When I talk about my love of at-home dining, I don’t just mean dinner parties. I mean all the cooking, eating and thinking about food at home – when it’s just us. For all the times we’re parked up at our dinner tables – which, let’s face it, is most of the time – let’s try and do a little better. Here are two things you can do, quite easily, to make midweek dinners both more enticing and with a little more love.

One: set the table. If it’s something you reserve for special occasions – don’t. It’s an all-the-time thing, and it needn’t be fancy. Something I wish I got in the habit of sooner is setting my table like the good folks at Dumpling & Noodle House: a box of tissues next to a large jug of water and a collection of condiments (they stock you up with Chinese black vinegar, a deep red chilli oil and soy sauce).

The Stanley Street spot is my top spot for plump handmade dumplings (that you can buy frozen to cook at home) and hand-stretched noodles slick with spicy oil. My meal here always ends with a questionable amount of scrunched tissues tucked around my bowl — used when extremely juicy dumplings spray across the table and for the constant-yet-satisfying sniffle of someone who, once again, added too much chilli oil.

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Setting the table also means that once you’re down: you’re down. Regardless of cuisine, dress your table like the dumpling joint – you’ll be well hydrated, your dinner will get more interesting as you perfect your add-ons, and you’re sorted if things get messy.

Monday-through-Thursday dining often means rustling up something from nothing, which brings us to point two: stockpile nice things. I rely on my haul of supplies from Will and Milko at Emilio’s Butcher in Rozelle. You know the saying: a couple of pork and fennel sausages in the freezer saves many a dinner.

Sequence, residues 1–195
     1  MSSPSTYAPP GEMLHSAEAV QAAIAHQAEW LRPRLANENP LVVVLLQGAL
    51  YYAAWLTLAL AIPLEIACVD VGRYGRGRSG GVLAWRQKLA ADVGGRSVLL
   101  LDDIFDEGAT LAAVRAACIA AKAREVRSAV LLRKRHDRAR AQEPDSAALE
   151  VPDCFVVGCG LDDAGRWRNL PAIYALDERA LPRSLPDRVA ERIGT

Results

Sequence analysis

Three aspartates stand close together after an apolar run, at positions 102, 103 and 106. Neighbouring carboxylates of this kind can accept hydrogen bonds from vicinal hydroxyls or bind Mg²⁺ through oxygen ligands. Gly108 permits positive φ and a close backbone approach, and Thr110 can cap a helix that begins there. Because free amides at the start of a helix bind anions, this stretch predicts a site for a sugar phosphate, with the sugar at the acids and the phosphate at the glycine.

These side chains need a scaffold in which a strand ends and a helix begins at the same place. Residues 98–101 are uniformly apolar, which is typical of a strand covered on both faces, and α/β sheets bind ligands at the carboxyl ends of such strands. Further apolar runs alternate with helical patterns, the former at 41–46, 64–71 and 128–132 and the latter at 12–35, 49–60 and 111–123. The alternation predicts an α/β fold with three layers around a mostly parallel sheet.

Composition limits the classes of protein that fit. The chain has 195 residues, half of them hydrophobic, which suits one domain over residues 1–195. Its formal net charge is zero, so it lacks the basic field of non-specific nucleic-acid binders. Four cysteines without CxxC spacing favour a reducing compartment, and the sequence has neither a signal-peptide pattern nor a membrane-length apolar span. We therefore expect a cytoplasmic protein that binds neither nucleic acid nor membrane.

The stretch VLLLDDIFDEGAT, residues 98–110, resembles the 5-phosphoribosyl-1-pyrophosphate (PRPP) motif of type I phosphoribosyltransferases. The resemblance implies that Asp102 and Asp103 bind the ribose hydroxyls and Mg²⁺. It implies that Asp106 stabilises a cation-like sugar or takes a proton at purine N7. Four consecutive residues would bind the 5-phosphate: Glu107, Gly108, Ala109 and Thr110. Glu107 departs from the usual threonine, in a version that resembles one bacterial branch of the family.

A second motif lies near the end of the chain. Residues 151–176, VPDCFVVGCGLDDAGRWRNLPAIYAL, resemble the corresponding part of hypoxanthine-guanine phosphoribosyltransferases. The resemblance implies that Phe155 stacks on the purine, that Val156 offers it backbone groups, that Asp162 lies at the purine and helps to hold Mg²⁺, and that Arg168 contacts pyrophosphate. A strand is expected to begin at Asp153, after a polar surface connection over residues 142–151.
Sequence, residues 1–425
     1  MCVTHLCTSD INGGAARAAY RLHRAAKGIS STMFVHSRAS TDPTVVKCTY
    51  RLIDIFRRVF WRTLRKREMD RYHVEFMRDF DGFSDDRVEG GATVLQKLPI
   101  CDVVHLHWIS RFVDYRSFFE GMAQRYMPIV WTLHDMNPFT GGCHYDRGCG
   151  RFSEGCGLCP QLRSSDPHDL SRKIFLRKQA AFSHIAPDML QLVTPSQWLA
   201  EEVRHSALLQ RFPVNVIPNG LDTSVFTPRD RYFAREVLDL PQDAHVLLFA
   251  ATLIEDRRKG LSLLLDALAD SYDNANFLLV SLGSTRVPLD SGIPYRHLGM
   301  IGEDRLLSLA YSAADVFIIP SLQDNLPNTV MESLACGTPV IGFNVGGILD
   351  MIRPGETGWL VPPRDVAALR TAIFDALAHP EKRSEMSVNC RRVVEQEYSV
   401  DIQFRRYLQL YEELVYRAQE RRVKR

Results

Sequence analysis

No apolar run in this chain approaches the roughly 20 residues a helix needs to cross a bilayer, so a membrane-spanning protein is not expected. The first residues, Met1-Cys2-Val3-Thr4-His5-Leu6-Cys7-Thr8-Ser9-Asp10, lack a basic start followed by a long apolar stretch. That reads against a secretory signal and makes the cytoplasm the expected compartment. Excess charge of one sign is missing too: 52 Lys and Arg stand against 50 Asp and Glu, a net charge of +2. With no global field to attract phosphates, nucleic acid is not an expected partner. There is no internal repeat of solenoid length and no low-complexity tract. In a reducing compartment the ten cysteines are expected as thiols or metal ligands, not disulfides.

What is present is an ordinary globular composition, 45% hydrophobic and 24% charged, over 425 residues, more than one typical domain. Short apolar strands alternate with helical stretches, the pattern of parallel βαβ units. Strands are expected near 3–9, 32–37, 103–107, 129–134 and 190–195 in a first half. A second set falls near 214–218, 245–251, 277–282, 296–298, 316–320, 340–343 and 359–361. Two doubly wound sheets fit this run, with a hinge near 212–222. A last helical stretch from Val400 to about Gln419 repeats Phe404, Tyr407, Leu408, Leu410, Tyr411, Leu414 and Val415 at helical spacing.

I’m going to be bold: these are the best snags in town — preservative-free and made the Italian way, thanks to Milko’s butcher lineage going back generations in Abruzzo. The veal, pork and sage or salsiccia di fegato (pork and liver) are also worth snagging. While you’re there, grab a bottle of Marrazzo Cuor d’oro (fancy passata), Ortiz anchovies and a bag of Mancini pasta from the shelf of pantry staples and you’ll have everything need to make an excellent pasta sauce.

Not a local? Me neither. Your meat-sourcing trip to Rozelle will be more than worth it. I’m not alone in my Emilio’s devotion – you’ll find the goods on the menu at Poly, Fratelli Paradiso and Lucky Kwong. (And you can stop off at Home Croissanterie for laminated beauties that hero the likes of Emilio’s pasture-raised ham.)

Pair your pasta-midweeker with a “standing salad”. It’s exactly what it says on the tin. This is the salad you eat while your pasta sauce simmers – so you get your greens out of the way and you can sit and eat your pasta in peace. I’m a sucker for a good, simple restaurant salad – a great mix of leaves, very good dressing, always found at Bar Vincent – an often overlooked and underrated part of dining out.

At home, I grab my large silver mixing bowl, add a good splash of olive oil, half a diced shallot, a mashed anchovy, a splash of white wine vinegar, a teaspoon of dijon, a light drizzle of honey and an aggressive crack of pepper. Mix it into oblivion then throw in your leaves, grate some parm over the top and toss. Eat standing up in the kitchen while the more important dish simmers on the stove.

Set the table with your condiments: extra Parmigiano-Reggiano, dried chilli flakes and a chunk of Baker Bleu sourdough for scarpetta.

Gemma Plunkett is a Sydney-based dinner party tragic. She works as a food writer, recipe rambler, producer and content strategist. Find her (but mostly food) in pictures or fortnightly in your inbox via her newsletter Ding!.